It’s the middle of the day, and I’m running down the back of Catalina looking for a seabass before time runs out on a charter. I look over and see Allyn Watson on the “Dreamer” sitting on the lower side of “New Slide Kelp” kicking the snot out of the seabass. Allyn is not one to call someone in, but he’s smart. I slowed the boat and slid inside to have a closer look. Allyn holds up his hand as if to say, “Just wait a few minutes, we’re almost done.” I waited. Not long after he gives me the signal and I move the boat into position and shut the engines off. Cindy (Allyn Deckhand) comes up to the bow of the Dreamer and begins pulling the hook hand over hand. We drift back and past the Dreamer into the pocket, and Allyn starts his engines at the last second, pulling out quietly. He pokes his head out from the helm and says the obvious “keep it to yourself.” “Yep” is all I said. The seabass bit like they had no idea another boat had moved into position. We call that, a “clean transfer.” Quick limits and we got out of there. Not a single boat around had any idea what had even happened. Mission accomplished.
The next day I kept that in my back pocket. A backup plan if you will, just in case I couldn’t find a spot of fish that wants to bite earlier. Seabass tend to be “time of day” biters and usually that “time of day” is an hour later each day, just like the tides. So when I had not found a single seabass by bite time, I went back to that same kelp, and found the “Dreamer” nearby. Allyn is the master of deception, and is so accustomed to being followed around, that most of his moves during each day are to put other boats out of position at bite time. I watched Allyn move several times, knowing full well that he intended to be where I was come that magical time. On this day there would be no shaking the crowd. Everyone knew that he and I had limits the day before, and stuck to both of us like glue. He and I sat side by side, with no less than 20 skiffs and private sportfishers surrounding us.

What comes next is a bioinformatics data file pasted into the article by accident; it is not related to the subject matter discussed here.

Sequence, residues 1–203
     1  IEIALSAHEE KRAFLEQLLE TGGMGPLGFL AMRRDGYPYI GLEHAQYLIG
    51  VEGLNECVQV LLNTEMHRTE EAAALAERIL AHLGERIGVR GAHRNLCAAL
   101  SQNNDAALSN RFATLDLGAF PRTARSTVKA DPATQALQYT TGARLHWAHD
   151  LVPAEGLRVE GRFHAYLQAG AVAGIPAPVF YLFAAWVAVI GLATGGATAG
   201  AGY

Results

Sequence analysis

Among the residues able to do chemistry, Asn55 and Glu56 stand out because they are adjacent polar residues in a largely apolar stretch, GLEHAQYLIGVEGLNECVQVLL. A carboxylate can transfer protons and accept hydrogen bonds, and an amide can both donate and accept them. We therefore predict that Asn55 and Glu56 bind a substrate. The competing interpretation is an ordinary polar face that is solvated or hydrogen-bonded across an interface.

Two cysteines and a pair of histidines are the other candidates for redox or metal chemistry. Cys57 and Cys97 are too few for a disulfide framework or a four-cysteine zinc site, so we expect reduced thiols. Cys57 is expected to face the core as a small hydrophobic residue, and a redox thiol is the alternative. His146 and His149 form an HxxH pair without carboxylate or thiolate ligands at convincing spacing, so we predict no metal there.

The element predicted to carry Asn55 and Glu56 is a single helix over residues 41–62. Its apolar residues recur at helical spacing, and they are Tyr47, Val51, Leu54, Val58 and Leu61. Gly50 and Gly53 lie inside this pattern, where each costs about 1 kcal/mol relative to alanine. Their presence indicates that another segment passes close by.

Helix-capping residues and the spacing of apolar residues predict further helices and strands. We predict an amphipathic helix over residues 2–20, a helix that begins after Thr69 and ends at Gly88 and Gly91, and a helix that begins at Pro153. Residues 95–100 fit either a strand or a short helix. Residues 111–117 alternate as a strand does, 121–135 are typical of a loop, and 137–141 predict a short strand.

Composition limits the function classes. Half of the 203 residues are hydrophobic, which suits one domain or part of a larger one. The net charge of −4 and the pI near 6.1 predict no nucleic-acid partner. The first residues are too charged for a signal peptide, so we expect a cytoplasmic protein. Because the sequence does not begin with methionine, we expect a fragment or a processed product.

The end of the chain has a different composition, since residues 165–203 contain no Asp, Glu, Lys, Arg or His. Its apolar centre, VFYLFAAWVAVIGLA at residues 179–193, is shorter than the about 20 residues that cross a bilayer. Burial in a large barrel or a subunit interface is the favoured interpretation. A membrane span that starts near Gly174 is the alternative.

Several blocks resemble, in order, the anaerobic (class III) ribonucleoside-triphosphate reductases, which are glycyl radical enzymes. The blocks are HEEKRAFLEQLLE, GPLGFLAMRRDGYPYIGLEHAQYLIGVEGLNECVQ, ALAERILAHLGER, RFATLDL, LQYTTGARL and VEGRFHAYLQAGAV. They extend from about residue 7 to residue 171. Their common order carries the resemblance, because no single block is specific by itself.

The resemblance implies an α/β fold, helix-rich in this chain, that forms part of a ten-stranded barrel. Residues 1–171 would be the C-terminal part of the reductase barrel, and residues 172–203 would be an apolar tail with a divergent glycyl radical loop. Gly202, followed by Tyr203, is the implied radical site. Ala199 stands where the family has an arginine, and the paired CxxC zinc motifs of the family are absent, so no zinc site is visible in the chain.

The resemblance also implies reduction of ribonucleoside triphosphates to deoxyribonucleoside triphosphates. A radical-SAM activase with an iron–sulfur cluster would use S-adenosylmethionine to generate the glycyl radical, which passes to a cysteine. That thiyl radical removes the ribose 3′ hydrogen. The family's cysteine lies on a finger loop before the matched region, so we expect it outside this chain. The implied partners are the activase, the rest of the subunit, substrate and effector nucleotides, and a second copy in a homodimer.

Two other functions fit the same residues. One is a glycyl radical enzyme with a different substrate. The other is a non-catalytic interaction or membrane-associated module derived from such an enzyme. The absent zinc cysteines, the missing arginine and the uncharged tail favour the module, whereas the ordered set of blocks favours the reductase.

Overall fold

Bite time was near and I was on the bridge listening to the radio chatter. My crew was busy chumming like mad to make sure the seabass parked behind us, and not anyone else. Then I hear someone call Allyn on the radio. “Dreamer Allyn, pick me up?” Allyn is not one to talk to just anyone on the radio, so I was surprised when he answered so quickly. “This is Dreamer, go ahead” said Allyn. “Hey, just wanted to let you know that we got some of them thar fish you like so much up here at China Point. You might wanna come up here man!” Said the other voice on the radio. Cindy ran up to the bow of the Dreamer, and began to act as if she was pulling the anchor as fast as she could.
All at once, every skiff and yacht that was around us pulled their anchors as well, and being much faster than Allyn and I, high tailed it for China Point in a cloud of two stroke outboard and diesel smoke. It was about 15 minutes until bite time and Allyn and I sat side by side, not another boat for miles.
I was running the RailTime, and that boat had the most excellent electronics of any charter boat around. Among other things, it had multiple radios on the bridge, and a RDF. A RDF, or “Radio Direction Finder,” tells you what direction a radio signal comes from, and that day the RDF was pointing at the “Dreamer” the whole time. It seems Allyn had cooked up a plan to have one of his passengers make the call about the seabass at China Point, from the radio in the salon of the “Dreamer.” Brilliant. I suspect he hoped maybe I would “take the bait” as well, but the thought to leave never crossed my mind.
The seabass bit, right on schedule. Both Allyn and I got it done quickly and got out of there so nobody knew where we had our seabass limits for the day. Much later that night, after we had dropped off our passengers and picked up new groups, we visited on the radio about what went down earlier that day. I told Allyn about the fancy RDF I had on board, and how I knew all along that he was pulling a fast one. We laughed hard, and made plans to keep the skiffs guessing whenever we could. I was young, and did not have the patience or tact that Allyn had, so he was much more successful at fooling the crowds. He was then, and still is today, the master of deception.